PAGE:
Anadarko Petroleum (NYSE: APC) can't miss lately. The Houston-based company recently announced terrific results from an appraisal well in its offshore Ghana stake. The news came a day after Anadarko's announcement from the other side of the continent, where it had successfully drilled its seventh well in a block offshore Mozambique.

The Mozambique well is located in Mozambique's Offshore Area 1 field, the site of Anadarko's massive natural gas discovery last year. The company estimates that the field contains more than 15 trillion cubic feet of natural gas, and early well results support that claim.

It is estimated that it will take $10 billion in investments to produce the field's natural gas. Anadarko is the largest among six stakeholders in the field and has already implied it may consider monetizing some of its share. Too much success in exploration often results in a sale before production begins. That plan is already under way with Anadarko's Brazilian offshore assets.

Assets for sale
Anadarko has about a million gross acres in seven exploration blocks that make up its assets offshore Brazil. The company has made four discoveries, one of them in the notable Campos Basin, which contains 300 million barrels of oil.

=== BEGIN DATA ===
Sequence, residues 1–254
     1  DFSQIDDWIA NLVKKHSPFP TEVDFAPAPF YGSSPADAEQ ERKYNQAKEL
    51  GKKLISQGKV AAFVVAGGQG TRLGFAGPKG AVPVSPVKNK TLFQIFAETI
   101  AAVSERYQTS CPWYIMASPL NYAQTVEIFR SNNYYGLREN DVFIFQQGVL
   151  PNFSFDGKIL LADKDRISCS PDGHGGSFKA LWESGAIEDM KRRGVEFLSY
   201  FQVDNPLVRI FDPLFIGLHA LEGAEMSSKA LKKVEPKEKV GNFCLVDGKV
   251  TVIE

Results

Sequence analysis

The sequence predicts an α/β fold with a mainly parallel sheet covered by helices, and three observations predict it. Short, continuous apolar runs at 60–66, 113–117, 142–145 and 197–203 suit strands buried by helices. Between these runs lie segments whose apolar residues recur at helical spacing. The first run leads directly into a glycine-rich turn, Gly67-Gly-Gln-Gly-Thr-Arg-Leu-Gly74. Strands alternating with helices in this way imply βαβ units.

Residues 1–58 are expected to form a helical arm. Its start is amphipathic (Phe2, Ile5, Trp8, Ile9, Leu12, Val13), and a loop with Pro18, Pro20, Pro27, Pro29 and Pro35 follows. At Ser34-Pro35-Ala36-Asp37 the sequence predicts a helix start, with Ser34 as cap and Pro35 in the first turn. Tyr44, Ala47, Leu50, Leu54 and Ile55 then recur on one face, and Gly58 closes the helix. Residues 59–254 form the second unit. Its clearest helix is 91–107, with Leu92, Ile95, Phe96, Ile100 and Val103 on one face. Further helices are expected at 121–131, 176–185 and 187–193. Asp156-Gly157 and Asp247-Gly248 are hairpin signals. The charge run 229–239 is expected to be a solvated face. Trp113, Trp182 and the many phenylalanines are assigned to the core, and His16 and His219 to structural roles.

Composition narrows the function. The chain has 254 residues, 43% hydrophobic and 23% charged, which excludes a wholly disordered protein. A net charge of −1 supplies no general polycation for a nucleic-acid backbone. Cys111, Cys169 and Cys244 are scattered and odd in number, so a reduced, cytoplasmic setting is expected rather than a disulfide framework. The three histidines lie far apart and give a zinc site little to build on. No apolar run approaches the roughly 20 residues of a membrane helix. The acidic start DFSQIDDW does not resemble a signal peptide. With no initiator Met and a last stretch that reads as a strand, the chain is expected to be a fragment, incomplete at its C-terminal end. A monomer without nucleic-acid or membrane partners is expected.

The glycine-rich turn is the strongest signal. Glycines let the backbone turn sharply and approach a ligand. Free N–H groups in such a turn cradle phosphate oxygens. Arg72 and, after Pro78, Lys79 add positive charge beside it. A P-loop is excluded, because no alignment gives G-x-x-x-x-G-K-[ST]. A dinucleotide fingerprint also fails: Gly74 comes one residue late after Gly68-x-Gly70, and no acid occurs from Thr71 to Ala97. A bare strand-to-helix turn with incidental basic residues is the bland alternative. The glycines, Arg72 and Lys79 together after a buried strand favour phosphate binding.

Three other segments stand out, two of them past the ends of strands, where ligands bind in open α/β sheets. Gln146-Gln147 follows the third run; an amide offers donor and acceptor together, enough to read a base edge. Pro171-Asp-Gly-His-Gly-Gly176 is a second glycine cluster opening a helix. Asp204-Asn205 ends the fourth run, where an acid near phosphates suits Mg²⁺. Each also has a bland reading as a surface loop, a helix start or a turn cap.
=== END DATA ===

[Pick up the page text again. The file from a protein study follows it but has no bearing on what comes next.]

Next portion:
Analysts estimate that Anadarko will sell its Brazilian business for $3 billion to $4 billion sometime this year.

Who has that kind of money?
The three players most interested in the assets right now are Maersk, Statoil (NYSE: STO), and Total (NYSE: TOT). All three companies currently have offshore operations in Brazil:

  • Maersk: In Brazil since 2007, the company operates two offshore blocks with a 50% stake in each.
  • Statoil: Bought Anadarko's stake in the Peregrino field in 2008 for $1.4 billion. Currently holds a 60% stake in that field with seven exploration licenses.
  • Total: Holds interests in three exploration blocks in the pre-salt Santos Basin, which is estimated to hold 50 billion barrels.

Given Statoil's recent flurry of exploration activity, I would be surprised if they picked up these assets as well, though I suppose stranger things have happened.

Foolish takeaway
Anadarko is one of the world's largest independent oil and gas explorers, but it still must live within its means. Selling its Brazilian assets will take a huge project off its plate and free up capital to fund its work in Africa, and perhaps serve as a bit of a parachute in the ongoing BP Deepwater Horizon litigation.

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